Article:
A routine lab test for glycosylated hemoglobin to track blood sugar levels was also able to identify individuals at elevated risk for more advanced atherosclerotic disease, new study results suggest. The authors enrolled 3,973 participants in the Progression of Early Subclinical Atherosclerosis (PESA) with no history of cardiovascular disease and HbA1c within a nondiabetic range, and assessed the individuals for the presence and extent of subclinical atherosclerosis via 2-dimensional vascular ultrasound and noncontrast cardiac CT. HbA1c showed an association with all territories of subclinical atherosclerosis (P<0.001 for all associations). The association was significant in all pre-diabetes subgroups and below the pre-diabetes cutoff. “The glycosylated hemoglobin test was especially useful in identifying subclinical disease in participants classified at low risk according to traditional scores; it made less of a contribution to risk calculation for individuals who already had a moderate level risk according to other risk factors,” a study author said in a statement.
Soluble fibrin monomer complex (SFMC), a suggested new candidate marker for venous thromboembolism (VTE), is effective at diagnosing the condition in psychiatric patients with positive D-dimer results. According to a study published in the journal Vascular Health and Risk Management, researchers assessed 109 patients at psychiatric department between Aug. 2017 and Dec. 2019. The investigators concurrently measured levels of of D-dimer and SFMC. According to the results of a receiver operating characteristic curve analysis, the area under the curves was 0.848 for SFMC (p<0.001, 95% CI 0.722-0.974), and the optimal cutoff value was 10.0 μg/mL (sensitivity 58.8%, specificity 100%, positive predictive value 100%, negative predictive value 77.4%). “Although previous studies have shown inconsistent results on the usefulness of SFMC, the ROC analysis conducted in the current study shows that SFMC is a useful marker for the diagnosis of VTE,” the authors wrote.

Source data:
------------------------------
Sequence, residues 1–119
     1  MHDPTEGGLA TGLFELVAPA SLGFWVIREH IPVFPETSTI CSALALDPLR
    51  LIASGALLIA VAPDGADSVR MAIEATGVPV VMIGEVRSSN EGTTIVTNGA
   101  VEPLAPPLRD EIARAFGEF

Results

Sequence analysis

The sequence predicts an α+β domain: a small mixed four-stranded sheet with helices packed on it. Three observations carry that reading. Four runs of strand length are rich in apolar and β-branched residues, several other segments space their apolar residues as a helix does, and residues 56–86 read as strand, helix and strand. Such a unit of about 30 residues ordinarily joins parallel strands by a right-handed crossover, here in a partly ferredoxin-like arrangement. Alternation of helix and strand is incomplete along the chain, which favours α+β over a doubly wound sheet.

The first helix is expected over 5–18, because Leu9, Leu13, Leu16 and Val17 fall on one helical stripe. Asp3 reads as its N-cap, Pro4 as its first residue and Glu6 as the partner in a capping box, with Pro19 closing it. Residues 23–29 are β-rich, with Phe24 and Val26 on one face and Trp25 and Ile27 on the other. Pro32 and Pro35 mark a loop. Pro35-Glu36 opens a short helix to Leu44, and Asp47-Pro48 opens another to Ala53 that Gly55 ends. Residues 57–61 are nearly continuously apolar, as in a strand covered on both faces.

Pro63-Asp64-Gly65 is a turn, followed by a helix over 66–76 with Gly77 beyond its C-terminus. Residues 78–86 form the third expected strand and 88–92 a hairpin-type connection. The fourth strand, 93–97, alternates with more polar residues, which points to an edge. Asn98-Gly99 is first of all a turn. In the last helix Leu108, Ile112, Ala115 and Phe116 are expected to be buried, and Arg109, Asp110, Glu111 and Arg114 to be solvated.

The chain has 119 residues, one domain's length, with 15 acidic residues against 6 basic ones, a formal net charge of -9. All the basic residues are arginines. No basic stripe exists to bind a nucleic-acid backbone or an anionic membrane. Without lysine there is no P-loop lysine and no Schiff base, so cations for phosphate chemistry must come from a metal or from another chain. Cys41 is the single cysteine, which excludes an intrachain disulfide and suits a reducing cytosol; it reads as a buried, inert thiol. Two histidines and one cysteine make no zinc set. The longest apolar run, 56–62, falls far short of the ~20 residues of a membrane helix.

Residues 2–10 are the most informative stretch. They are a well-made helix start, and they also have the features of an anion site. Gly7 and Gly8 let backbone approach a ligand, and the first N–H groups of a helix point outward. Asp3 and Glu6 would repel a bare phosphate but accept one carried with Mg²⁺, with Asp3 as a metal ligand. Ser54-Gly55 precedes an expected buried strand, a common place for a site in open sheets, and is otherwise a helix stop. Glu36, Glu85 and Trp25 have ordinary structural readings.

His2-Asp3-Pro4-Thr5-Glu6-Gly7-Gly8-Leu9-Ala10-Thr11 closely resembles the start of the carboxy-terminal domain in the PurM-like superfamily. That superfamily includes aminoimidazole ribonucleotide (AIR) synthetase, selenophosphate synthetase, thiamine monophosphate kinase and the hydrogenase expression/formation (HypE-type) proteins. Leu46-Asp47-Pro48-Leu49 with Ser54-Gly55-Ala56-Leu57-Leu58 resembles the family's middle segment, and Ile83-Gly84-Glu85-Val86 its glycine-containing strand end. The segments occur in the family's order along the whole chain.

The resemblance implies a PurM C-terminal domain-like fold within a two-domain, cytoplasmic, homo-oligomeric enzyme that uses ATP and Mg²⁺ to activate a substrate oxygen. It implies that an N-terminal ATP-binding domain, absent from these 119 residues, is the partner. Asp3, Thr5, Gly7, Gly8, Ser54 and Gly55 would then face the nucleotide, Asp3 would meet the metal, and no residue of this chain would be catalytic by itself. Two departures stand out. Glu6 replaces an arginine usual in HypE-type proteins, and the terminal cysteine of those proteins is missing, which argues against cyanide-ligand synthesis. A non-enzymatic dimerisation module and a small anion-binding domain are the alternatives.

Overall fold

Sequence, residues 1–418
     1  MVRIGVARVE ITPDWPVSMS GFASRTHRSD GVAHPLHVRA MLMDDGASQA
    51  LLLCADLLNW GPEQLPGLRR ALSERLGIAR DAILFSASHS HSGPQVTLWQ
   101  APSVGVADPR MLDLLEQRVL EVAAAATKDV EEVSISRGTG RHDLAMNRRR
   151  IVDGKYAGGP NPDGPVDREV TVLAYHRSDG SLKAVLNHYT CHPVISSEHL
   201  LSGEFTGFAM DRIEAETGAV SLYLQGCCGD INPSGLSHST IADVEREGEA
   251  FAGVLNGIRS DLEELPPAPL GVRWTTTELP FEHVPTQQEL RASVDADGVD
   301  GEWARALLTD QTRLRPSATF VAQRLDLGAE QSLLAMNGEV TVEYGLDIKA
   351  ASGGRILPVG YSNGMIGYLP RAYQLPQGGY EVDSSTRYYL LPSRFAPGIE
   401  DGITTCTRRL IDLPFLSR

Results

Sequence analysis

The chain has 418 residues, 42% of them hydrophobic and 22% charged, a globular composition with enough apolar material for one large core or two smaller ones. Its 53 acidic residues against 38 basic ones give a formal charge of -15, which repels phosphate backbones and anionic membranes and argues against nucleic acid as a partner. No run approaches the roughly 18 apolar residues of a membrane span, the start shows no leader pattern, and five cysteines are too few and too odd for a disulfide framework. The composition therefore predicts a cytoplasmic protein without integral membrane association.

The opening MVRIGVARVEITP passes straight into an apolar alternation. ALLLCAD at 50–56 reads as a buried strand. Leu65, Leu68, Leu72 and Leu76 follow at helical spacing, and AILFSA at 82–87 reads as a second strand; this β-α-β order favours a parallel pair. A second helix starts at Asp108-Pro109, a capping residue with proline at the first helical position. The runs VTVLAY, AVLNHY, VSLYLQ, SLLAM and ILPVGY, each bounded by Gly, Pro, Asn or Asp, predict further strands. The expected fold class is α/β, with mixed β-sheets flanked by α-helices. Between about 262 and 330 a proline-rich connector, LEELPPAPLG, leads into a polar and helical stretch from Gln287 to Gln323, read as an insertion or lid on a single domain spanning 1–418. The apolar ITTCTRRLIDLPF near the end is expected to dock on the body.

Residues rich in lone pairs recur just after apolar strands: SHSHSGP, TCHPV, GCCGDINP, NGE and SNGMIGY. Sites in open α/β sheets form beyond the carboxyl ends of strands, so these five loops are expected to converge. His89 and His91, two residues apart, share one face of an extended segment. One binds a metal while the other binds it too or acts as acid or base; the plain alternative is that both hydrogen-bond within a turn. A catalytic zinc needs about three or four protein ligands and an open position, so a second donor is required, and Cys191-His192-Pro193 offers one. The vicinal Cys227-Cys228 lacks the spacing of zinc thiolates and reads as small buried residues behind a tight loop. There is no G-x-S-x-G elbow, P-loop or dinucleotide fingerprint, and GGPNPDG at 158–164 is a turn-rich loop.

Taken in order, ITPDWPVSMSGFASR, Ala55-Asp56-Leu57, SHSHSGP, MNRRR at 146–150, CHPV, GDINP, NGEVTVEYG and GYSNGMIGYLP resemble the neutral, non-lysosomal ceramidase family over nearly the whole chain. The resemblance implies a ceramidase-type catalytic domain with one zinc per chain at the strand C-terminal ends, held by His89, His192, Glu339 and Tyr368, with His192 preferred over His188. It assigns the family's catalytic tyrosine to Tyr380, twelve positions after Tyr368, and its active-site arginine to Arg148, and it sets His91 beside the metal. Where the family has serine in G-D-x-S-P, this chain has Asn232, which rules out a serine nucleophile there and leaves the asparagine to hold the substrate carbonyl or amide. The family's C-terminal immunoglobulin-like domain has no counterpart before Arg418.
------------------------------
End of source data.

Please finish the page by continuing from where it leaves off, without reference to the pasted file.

Treatment with empagliflozin was beneficial for patients with heart failure (HF), regardless of circulating troponin levels, according to results from the EMPEROR-Reduced trial. These findings were published in the European Journal of Heart Failure. This trial enrolled more than 3,700 patients with class II–IV HF and a reduced ejection fraction. Patients were randomized to empagliflozin 10mg daily or placebo and were followed until serious HF or renal events. Risk of diabetes and atrial fibrillation correlated with levels of hs-cTnT. Higher concentrations of hs-cTNT were also associated with increased work of New York Heart Association class III–IV symptoms, hospitalizations for HF within one year of treatment, elevated levels of natriuretic peptides, and poor renal functions (all, P <0.0001). The investigators also identified an association between the hs-cTnT levels and the combined risk of cardiovascular-related mortality and hospitalization for HF (P = 0.0015). “Elevations in hs-cTnT reflect the clinical severity, stability and prognosis of patients with HF and a reduced ejection fraction, with biomarkers, comorbidities, clinical course and risks that are proportional to the magnitude of hs-cTnT elevation,” the authors wrote. “Empagliflozin exerted favorable effects on HF and renal outcomes, regardless of the baseline concentration of hs-cTnT.”
Credit: Original article published here.